Wells Fargo CEO's Testimony: Five Things to Know -- WSJ
By Emily Glazer
This article is being republished as part of our daily reproduction of WSJ.com articles that also appeared in the U.S. print edition of The Wall Street Journal (October 3, 2017).
Wells Fargo & Co. Chief Executive Timothy Sloan has a lot riding on Tuesday morning.
A couple of weeks shy of his first anniversary in the job, Mr. Sloan is set to testify for the first time as CEO in front of the Senate Banking Committee Tuesday at 10 a.m. ET.
The last time the bank's chief did that, he was grilled over the bank's sales-practices scandal and resigned less than a month later.
Mr. Sloan, who filled that void last October when former CEO John Stumpf left the bank, is expected to answer questions related to the scandal, especially updated information that the bank potentially opened 3.5 million customer accounts without their knowledge, up from the initial estimate of up to 2.1 million accounts.
A three-decade veteran of the bank, Mr. Sloan will likely also address more recent problems in its consumer-lending unit around certain auto-insurance charges and mortgage products. In recent weeks, the San Francisco bank has already released details about those issues, so the focus likely will be more on how Mr. Sloan reacts to tough questions expected from the likes of Sen. Elizabeth Warren (D, Mass.).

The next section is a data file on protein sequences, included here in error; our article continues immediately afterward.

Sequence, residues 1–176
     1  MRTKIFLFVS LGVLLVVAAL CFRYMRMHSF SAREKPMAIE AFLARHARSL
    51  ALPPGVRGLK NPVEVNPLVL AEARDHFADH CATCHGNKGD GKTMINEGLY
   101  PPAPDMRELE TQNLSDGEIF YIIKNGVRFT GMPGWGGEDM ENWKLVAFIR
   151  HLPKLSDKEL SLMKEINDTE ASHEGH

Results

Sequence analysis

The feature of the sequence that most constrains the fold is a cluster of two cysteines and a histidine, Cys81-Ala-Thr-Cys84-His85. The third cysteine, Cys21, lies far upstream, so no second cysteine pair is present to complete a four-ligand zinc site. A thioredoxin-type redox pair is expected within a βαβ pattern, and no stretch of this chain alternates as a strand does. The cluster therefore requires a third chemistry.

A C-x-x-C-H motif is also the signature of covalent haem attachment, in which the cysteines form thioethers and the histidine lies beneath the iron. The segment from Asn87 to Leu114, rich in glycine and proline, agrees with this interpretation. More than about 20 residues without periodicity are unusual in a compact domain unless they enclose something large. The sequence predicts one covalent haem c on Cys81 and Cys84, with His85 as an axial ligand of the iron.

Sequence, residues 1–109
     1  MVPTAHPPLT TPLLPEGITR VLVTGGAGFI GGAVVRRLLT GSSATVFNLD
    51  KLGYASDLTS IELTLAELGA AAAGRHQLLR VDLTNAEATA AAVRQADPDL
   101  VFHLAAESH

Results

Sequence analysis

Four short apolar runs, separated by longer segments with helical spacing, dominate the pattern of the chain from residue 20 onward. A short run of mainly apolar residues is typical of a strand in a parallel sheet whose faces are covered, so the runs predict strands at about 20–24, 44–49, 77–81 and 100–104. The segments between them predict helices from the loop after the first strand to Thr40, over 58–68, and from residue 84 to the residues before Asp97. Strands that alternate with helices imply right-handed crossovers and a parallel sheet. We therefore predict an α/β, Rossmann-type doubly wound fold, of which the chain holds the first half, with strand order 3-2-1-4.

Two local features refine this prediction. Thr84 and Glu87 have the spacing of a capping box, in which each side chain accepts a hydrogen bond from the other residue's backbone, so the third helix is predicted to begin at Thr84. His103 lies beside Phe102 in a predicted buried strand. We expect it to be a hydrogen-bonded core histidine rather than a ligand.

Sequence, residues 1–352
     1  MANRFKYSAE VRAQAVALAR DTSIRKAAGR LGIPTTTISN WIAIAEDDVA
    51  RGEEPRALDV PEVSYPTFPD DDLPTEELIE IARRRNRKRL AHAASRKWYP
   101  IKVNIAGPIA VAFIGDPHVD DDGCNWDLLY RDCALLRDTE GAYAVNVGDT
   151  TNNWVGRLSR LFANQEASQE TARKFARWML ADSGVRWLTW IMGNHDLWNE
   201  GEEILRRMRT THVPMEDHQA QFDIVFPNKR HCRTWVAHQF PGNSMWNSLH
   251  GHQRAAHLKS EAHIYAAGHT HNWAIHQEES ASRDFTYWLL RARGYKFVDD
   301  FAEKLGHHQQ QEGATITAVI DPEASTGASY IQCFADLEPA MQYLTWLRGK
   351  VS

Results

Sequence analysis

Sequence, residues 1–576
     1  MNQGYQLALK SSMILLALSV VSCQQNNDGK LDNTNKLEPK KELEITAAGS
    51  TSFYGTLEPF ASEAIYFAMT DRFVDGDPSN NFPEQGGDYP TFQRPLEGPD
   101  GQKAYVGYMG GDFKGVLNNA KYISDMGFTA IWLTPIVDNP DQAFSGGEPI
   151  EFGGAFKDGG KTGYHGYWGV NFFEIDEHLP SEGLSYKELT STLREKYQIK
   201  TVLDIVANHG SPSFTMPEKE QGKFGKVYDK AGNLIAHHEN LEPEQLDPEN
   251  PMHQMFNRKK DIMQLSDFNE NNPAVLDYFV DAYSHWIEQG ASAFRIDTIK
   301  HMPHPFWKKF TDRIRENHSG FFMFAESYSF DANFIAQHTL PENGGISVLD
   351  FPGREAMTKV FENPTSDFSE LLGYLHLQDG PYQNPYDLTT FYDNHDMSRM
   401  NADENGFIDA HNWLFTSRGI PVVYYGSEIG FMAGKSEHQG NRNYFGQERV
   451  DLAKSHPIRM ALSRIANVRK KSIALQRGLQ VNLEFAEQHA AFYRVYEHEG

Mr. Sloan is planning to take a different tack than his predecessor. For one thing, more than a year has passed since the sales-practices scandal erupted, so he has had more time to prepare than Mr. Stumpf did.
Wells Fargo spokeswoman Jennifer Dunn said the bank welcomes the opportunity to update the committee on steps it has taken to fix problems. But it won't be easy, as Wells Fargo hasn't yet shaken free from the sales issues or more recent problems.